Greek myth tells us of the young maiden Persephone, the daughter of Zeus and Demeter, who was abducted by Hades while out playing in the fields with her companions one day. Hades takes the girl to his underworld realm and makes her his bride, while above ground her mother Demeter, goddess of the harvest, searches in anguish for her lost daughter, pleading for Persephone to be returned to her. When she learns that Zeus has conspired in Persephone’s fate, she refuses to let anything flower or fruit until her daughter is freed from Hades. Persephone is eventually returned so that her mother may restore balance to the world, but as she was tricked by her husband into eating his realm’s food, she is condemned to spend each winter as queen of the underworld, with her return to Earth each spring signalling the time that Demeter will bring life and colour back to the world. In Morgan McCarthy’s new book, The Outline of Love, we are given, if not a reworking, then certainly a parallel story that is broken up into ten parts, each preceded by a piece of the myth that creates a spine of structure throughout the text.
McCarthy gives us Persephone Triebold, a lonely teenager living in a remote house in the Scottish highlands with her father, Evan. Persephone’s mother Sylvia died when she was just four, causing her father to retreat into a cocoon of anxiety, terrified that his daughter will also be taken away from him. She was promptly removed from all prospective dangers – school, travel, other people – to grow into a woman unschooled in the ways of love and friendship. Persephone notes that the people in the nearest town view her with suspicion, with her strange, foreign name and her life apart; she notes that in a previous age she was the sort of woman who would likely have been accused of being a witch. We join Persephone on the eve of her leaving her isolation to head to King’s College, London, to begin a degree in management (although she is unsure of what she actually wants to manage). Regarding other local people who have left their rural bubble, she equates distance with ambition, and London appears to be the furthest away she can reasonably get.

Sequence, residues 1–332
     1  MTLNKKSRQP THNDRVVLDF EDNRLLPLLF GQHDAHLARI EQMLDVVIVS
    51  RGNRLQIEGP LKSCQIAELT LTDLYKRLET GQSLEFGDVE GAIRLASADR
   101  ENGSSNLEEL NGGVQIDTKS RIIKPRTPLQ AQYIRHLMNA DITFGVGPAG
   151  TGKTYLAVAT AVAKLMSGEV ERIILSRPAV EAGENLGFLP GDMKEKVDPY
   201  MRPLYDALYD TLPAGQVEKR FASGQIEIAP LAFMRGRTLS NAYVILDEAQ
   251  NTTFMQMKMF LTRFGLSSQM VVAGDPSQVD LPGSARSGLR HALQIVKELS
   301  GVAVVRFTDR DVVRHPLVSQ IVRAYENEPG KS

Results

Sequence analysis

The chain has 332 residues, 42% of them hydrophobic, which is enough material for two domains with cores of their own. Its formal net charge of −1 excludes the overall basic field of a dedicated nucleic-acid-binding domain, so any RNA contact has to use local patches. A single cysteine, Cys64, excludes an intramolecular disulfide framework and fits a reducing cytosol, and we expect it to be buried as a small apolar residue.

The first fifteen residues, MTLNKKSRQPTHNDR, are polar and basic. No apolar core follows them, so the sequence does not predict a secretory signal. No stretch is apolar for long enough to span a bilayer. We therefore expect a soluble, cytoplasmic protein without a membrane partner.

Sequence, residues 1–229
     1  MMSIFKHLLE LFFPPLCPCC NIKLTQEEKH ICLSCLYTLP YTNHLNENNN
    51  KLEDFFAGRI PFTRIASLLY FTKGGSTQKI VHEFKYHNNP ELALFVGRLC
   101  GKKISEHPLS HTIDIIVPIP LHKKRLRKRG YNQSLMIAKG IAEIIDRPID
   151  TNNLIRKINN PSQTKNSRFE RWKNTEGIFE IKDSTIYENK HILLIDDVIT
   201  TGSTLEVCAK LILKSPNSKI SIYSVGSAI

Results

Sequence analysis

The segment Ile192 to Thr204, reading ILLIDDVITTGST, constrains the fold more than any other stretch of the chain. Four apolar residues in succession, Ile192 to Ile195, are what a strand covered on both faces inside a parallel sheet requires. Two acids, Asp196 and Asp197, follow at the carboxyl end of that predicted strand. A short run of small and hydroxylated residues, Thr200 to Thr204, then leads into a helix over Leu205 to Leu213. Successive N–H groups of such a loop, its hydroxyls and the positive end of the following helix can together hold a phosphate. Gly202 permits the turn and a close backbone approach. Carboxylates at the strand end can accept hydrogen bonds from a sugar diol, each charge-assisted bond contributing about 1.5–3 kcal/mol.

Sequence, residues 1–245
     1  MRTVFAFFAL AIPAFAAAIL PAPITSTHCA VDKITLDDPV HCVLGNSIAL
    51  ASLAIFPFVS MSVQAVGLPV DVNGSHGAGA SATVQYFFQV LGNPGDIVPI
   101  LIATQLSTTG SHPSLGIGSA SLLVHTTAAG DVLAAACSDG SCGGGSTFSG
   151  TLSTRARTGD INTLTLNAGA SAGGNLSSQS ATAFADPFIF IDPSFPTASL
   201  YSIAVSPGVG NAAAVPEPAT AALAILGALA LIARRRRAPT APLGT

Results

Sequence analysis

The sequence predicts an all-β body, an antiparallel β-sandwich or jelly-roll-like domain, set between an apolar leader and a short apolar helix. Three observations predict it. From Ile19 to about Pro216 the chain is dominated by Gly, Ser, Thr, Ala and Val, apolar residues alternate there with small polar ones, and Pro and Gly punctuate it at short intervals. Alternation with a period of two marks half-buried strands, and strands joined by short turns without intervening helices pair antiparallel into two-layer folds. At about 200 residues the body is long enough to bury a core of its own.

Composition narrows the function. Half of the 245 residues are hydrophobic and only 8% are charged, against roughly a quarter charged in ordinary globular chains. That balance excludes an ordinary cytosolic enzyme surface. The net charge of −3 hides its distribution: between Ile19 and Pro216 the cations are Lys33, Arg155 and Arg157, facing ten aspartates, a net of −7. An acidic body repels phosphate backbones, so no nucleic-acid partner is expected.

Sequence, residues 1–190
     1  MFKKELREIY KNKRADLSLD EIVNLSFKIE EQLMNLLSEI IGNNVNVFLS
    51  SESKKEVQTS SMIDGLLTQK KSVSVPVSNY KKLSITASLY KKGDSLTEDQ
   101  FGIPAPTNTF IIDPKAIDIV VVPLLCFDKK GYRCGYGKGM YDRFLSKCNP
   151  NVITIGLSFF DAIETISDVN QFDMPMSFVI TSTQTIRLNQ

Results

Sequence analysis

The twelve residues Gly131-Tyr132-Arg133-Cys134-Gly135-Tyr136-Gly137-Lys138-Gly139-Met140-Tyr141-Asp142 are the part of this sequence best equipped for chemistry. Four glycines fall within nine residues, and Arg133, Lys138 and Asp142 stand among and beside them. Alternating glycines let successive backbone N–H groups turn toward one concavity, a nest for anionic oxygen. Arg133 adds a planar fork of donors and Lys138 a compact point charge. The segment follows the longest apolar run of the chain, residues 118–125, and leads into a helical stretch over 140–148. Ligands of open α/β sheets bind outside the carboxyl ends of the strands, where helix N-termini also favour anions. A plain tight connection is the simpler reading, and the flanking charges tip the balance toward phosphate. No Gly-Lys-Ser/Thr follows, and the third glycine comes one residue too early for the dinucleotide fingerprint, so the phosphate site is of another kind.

Arriving at her shared student house, Persephone quickly morphs into one of those ghastly, immature students who have no interest in studying and so try their hardest to ensure those living around them can’t do it either. She drinks heavily, stays out late, forms noisy friendships, and behaves with utter selfishness and disregard for her worried father. It is therefore something of a surprise when she takes on a period of work experience during her first Christmas holiday and forms a friendship with a twenty-something editor that she seems to have little in common with. Stranger still, when she finds out that he edits the work of Leo Ford, a former indie guitarist turned literary darling, who Persephone quickly starts to obsess over. She abandons her drunken University friends to take up with Leo’s drunken circle and begins her pursuit of him. As a handsome, wealthy, witty and successful man she seems to have finally found someone worthy of her love; there is just the small matter of the incident in Leo’s past that seems unsavoury but which no one seems to know the full details of…
Two things struck me about this book; firstly that it is beautifully written, and secondly that for all the great idea of basing a story around a modern day Persephone in the celebrity underworld, I’m not convinced that this was a story worth telling. The Outline of Love starts out well with opening scenes in the highlands; the descriptions of scenery and mood, and the strong sympathy you felt for such a lonely girl isolated by her well-meaning father from civilisation work well. After the move to London, the novel gradually went downhill for me. While the prose remained very strong, Persephone changed from becoming someone that felt real and likeable, to someone that annoyed me (because I have lived with people who behaved like her and it is no fun at all) to someone that eventually didn’t feel in any way real. Events become further and further removed from anything I could recognise as reality and it all sort of fizzled out in the end rather than providing the solid conclusion I was expecting.
I expect this story might appeal to many other readers, but it was not really for me – although I admire any writer who can make me stop mid-page to admire their use of language.
The Outline of Love by Morgan McCarthy
Published by Tinder Press, October 2013
With thanks to Tinder Press for providing me with this review copy.
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